The DUP says it would rather bring the government down and trigger a hard Brexit than countenance anything that could ever give Northern Ireland a different status in the union. But Theresa May’s problem is not just with the DUP, but with her own supporters. They too would rather see a hard border – impossible to negotiate with the EU – than abandon Brexit.
Polling by the Future of England Survey underlines how strongly English voters now prioritise Brexit. Almost half of all English voters would risk the peace process to leave the EU, but this rises to three quarters of Conservative voters. Mainstream commentators may damn Boris Johnson, Owen Paterson and Jacob Rees-Mogg as they airily dismiss Irish border issues, but these Brexiteers seem to be on the Tory centre ground.
However much the Prime Minister invokes the traditions of the Conservative and Unionist Party, the English voters who put her in office put English grievances first. Indeed, the FES survey showed the same voters prefer Brexit to keeping Scotland in the union. If there is any vestigial desire in No 10 to go to the country for a fresh mandate for an EU deal, it will have to calculate on May being outflanked by her own base.
It is an extraordinary reflection on our politics that this sense of distinct English interests has grown so influential without any engagement from either the Tories or Labour. The divergence of a key group of English voters from Anglo-British unionism into something distinctly different has been apparent for some time. In 2014, the same Future of England group showed how a quarter of English residents (and a third of English identifiers) thought the EU was the layer of government with most influence over their lives. In Scotland and Wales, the comparable figure was around one in 20.
Immediately after the Scottish referendum, David Cameron proposed the introduction of English Votes of English Laws, declaring: “We have heard the voice of Scotland and now the millions of voices of England must be heard.” EVEL proved so obscure and complex that few people in England have any idea it exists, let alone hear a distinct voice in Parliament. But in the short term, it was Labour, which opposed even EVEL, that was going to suffer most.
Picking up on discussions in focus groups, the 2015 Tory election campaign centred on the “threat” to England of SNP influence on a minority Labour government. The debate dominated the media and was echoed on many doorsteps. Though it may have only shifted a small number of votes, those running the party campaigns and some analysts believe it was enough to give Cameron his majority.
Buoyed by an unexpected victory, the Tories don’t seem to have understood that the force they had cultivated might cause them problems in the future, or that Cameron’s promise to England should be delivered. On the Labour side, the official inquest did not even mention issues of English identity – though Labour came third amongst English identifiers and won amongst the British. As Labour surged towards Corbyn, defeat was blamed on poor policy, not the growth of national identity politics north and south or the border.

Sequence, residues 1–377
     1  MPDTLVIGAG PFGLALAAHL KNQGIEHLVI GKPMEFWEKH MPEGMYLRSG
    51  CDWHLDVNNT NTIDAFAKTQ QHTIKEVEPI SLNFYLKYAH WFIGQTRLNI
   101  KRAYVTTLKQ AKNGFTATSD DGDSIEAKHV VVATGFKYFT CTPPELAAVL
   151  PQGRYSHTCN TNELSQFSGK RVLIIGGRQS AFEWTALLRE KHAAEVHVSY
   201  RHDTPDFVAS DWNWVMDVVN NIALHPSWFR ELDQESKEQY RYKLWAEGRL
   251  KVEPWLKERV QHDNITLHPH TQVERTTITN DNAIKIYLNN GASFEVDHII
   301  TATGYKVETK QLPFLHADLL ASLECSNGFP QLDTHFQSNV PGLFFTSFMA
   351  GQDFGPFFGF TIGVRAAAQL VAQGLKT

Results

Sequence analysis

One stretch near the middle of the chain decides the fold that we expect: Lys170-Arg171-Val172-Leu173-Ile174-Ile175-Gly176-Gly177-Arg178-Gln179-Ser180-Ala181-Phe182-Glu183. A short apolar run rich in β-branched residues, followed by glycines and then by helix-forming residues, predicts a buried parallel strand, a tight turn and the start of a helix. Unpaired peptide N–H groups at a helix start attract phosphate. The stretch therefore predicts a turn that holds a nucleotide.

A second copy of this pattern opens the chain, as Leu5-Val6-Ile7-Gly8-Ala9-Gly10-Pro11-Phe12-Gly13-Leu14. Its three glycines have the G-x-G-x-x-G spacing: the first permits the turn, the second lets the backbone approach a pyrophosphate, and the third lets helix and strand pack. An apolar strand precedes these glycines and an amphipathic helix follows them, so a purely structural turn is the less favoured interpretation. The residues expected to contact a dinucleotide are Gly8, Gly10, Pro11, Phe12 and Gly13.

A year later, and the bulk of the Brexit vote was delivered by English voters. Remain, notoriously campaigned (as the People’s Vote does today) for Britain Stronger in Europe. Unlike the distinct national campaign in Wales and Scotland, England was not mentioned.
We cannot prove that English alienation is directly linked to the lack of any English institutions, political community or voice, or the routine failure of the major party leaders to mention England. But it was well before the referendum or even Ukip’s surge, that English voters so over-estimated the EU’s influence compared to those who enjoyed devolved government in Wales and Scotland. It is striking that, as Anthony Barnett has shown, Paisley and Wigan, two similar post-industrial towns in Scotland and England voted in opposition directions on Brexit. The BBC/YouGov poll this summer revealed deep discontent with how England is governed and much pessimism, unique across the union, about the future.
There are few short-term fixes available to government or opposition. The Brexit process will be concluded against this difficult background. But post-Brexit Britain will remain a fractured union unless we can find a new way of bring the nations, including England, together.
The emergent English interest is not a majority, even in England. Yet it has the power to constrain a Conservative government and be a major obstacle to Corbyn winning England. Often the expression of people who feel marginalised and ignored, it expresses anger and frustration as much as any coherent vision of the future. Engaging with it and allowing England a voice has some risks but much potential. Without it, it is hard to see how England can develop a positive and shared vision of its own future or understand its relationship and responsibilities towards a union. The alternative – to wait and see where this powerful but unpredictable force goes next – seems much worse.